If Project Blue meets its crowdfunding goals, the organization intends to deploy the telescope into Near-Earth Orbit (NEO) by 2021. The telescope will then spend the next two years observing the Alpha Centauri system with its corongraphic camera. All told, between the development of the instrument and the end of its observation campaign, the mission will last six years, a relatively short run for an astronomical mission.
However, the potential payoff for this mission would be incredibly profound. By directly imaging another planet in the closest star system to our own, Project Blue could gather vital data that would indicate if any planets there are habitable. For years, astronomers have attempted to learn more about the potential habitability of exoplanets by examining the spectral data produced by light passing through their atmospheres.
However, this process has been limited to massive gas giants that orbit close to their parent stars (i.e. “Super-Jupiters”). While various models have been proposed to place constraints on the atmospheres of rocky planets that orbit within a star’s habitable zone, none have been studied directly. Therefore, if it should prove to be successful, Project Blue would allow for some of the greatest scientific finds in history.
What’s more, it would provide information that could a long way towards informing a future mission to Alpha Centauri, such as Breakthrough Starshot. This proposed mission calls for the use of a large laser array to propel a lightsail-driven nanocraft up to relativistic speeds (20% the speed of light). At this rate, the craft would reach Alpha Centauri within 20 years time and be able to transmit data back using a series of tiny cameras, sensors and antennae.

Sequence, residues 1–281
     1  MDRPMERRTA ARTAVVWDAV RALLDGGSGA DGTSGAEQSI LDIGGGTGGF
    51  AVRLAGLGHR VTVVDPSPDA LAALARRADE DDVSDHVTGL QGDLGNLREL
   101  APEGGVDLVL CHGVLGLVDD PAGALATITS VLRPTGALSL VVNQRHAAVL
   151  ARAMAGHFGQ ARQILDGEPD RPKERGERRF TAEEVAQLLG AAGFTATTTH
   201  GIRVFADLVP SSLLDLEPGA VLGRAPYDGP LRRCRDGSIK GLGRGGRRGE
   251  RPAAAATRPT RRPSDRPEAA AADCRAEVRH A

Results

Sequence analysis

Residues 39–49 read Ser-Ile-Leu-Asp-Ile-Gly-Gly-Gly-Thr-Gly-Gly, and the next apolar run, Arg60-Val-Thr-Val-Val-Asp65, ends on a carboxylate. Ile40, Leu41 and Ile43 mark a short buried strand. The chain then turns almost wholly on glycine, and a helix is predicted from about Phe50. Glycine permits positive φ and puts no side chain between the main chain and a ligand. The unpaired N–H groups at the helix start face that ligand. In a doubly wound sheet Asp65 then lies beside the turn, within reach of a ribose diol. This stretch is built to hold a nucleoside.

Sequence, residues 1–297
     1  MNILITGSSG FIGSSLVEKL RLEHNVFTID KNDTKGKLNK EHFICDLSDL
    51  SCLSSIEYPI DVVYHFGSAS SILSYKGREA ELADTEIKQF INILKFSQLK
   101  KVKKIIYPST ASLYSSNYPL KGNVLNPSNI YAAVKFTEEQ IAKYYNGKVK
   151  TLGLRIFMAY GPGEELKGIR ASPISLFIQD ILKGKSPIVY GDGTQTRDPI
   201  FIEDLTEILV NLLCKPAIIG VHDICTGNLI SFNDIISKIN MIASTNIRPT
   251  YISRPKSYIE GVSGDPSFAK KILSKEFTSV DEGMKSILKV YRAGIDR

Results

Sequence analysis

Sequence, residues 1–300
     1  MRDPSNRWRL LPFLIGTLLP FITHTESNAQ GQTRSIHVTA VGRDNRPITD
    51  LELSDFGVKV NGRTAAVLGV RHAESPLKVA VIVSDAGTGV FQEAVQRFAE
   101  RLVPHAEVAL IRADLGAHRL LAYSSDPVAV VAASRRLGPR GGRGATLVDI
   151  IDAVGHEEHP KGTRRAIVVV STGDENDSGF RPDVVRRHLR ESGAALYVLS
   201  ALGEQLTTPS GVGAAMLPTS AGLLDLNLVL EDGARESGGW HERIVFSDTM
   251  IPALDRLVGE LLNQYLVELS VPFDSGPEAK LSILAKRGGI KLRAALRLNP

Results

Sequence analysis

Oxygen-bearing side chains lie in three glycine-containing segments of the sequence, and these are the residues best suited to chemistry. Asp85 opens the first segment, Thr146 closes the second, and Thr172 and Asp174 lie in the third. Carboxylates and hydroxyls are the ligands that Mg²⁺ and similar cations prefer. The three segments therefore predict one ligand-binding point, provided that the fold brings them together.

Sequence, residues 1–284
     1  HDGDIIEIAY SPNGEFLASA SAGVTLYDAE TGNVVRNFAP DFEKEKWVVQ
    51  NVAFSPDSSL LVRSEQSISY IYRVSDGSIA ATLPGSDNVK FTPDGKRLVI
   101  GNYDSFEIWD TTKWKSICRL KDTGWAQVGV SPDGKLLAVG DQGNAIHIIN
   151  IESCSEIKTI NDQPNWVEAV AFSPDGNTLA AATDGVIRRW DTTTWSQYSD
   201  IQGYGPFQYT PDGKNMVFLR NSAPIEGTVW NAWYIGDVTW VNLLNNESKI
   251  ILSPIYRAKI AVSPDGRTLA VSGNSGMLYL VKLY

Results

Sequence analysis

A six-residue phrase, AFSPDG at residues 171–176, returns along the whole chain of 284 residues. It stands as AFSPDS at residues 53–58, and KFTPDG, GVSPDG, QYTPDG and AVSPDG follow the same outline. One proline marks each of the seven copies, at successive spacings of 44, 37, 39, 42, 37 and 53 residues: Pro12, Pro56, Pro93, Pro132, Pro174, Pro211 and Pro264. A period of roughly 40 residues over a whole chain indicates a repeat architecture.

As the name would suggest, Project Blue hopes to capture the first images of a “Pale Blue Dot” that orbits another star. This is a reference to the photograph of Earth that was taken by the Voyager 1 probe on February 19th, 1990, after the probe concluded its primary mission and was getting ready to leave the Solar System. The photos were taken at the request of famed astronomer and science communicator Carl Sagan.
When looking at the photographs, Sagan famously said: “Look again at that dot. That’s here. That’s home. That’s us. On it everyone you love, everyone you know, everyone you ever heard of, every human being who ever was, lived out their lives.” Thereafter, the name “Pale Blue Dot” came to be synonymous with Earth and capture the sense of awe and wonder that the Voyage 1 photographs evoked.
More recently, other “Pale Blue Dot” photographs have been snapped by missions like the Cassini orbiter. While photographing Saturn and its system of rings in the summer of 2013, Cassini managed to capture images that showed Earth in the background. Given the distance, Earth once again appeared as a small point of light against the darkness of space.
Beyond relying on crowdfunding and the participation of multiple non-profit organizations, this low-cost mission also seeks to capitalize on a growing trend in space exploration, – which is open participation and collaborations between scientific institutions and citizen scientists. This is one of the primary purposes behind Project Blue, which is to engage the public and educate them about the importance of space exploration.
As Jon Morse, the CEO of the BoldlyGo Institute, explained:
“The future of space exploration holds boundless potential for answering profound questions about our existence and destiny. Space-based science is a cornerstone for investigating such questions. Project Blue seeks to engage a global community in a mission to search for habitable planets and life beyond Earth.”
As of the penning of this article, Project Blue has managed to raise $125,561 USD of their goal of $175,000. For those interesting in backing this project, Project Blue’s Indiegogo campaign will remain open for another 11 days. And be sure to check out their promotional video as well: